“Growing hops is a lot of work but growing hops organically does not make it more difficult than it would be otherwise”, says Kris.There are few farmers specializing in growing hops in the northeast and even fewer growing organically so it was a treat to visit and find out what all the buzz is about. Thanks for visiting with me, Kris! Johanna Setta, Certification Specialist Assistant Vermont Organic Farmers
A visit to Addison Hop Farm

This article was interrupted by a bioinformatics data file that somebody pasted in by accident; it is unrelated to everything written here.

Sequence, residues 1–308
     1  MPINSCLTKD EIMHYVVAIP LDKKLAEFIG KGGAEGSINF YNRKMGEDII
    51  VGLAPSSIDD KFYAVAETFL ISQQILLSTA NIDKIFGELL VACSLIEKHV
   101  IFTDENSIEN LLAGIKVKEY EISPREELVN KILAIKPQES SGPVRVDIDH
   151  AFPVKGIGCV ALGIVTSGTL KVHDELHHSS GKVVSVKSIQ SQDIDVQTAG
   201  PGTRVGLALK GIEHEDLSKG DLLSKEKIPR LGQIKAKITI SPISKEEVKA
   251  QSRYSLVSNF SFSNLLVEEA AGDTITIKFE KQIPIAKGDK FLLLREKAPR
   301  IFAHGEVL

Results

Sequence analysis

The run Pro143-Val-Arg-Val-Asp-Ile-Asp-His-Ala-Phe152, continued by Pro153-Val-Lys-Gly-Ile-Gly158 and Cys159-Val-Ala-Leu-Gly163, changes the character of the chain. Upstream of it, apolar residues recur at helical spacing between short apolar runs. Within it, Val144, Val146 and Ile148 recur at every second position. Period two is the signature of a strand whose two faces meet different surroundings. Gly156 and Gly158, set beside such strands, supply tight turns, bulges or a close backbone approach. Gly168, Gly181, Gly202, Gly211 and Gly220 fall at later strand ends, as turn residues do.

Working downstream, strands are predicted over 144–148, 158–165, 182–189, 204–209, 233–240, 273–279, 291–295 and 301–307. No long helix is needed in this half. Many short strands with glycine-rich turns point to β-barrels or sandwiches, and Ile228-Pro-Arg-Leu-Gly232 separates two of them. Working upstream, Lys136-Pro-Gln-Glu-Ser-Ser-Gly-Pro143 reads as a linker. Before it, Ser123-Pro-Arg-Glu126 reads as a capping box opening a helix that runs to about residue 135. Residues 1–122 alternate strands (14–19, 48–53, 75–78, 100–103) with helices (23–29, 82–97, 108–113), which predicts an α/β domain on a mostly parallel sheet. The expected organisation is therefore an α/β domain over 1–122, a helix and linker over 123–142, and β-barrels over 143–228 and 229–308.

Jenny the dog was first to greet me as I approached the certified organic hop yard in Addison. The much needed sun was beating down on the hops, preparing them for an end of August or early September harvest. Kris Anderson of Addison Hop Farm has decided on a few reliable varieties that are wanted by local breweries and cider makers like Citizen Cider. We stroll down the rows of brewer’s gold, cascade, and newport hops that stand fourteen feet tall and are held up by cedar posts, wire, and twine. Two adriondack chairs overlook the lower hop yard, the green mountains, and the barn adjoining the hop yard used for drying and vacuum sealing the hops prior to being stored and delivered. Kris takes pride in the 100 to 200 pounds of certified organic hops he produces each season and looks forward to the possibility of expanding his acreage.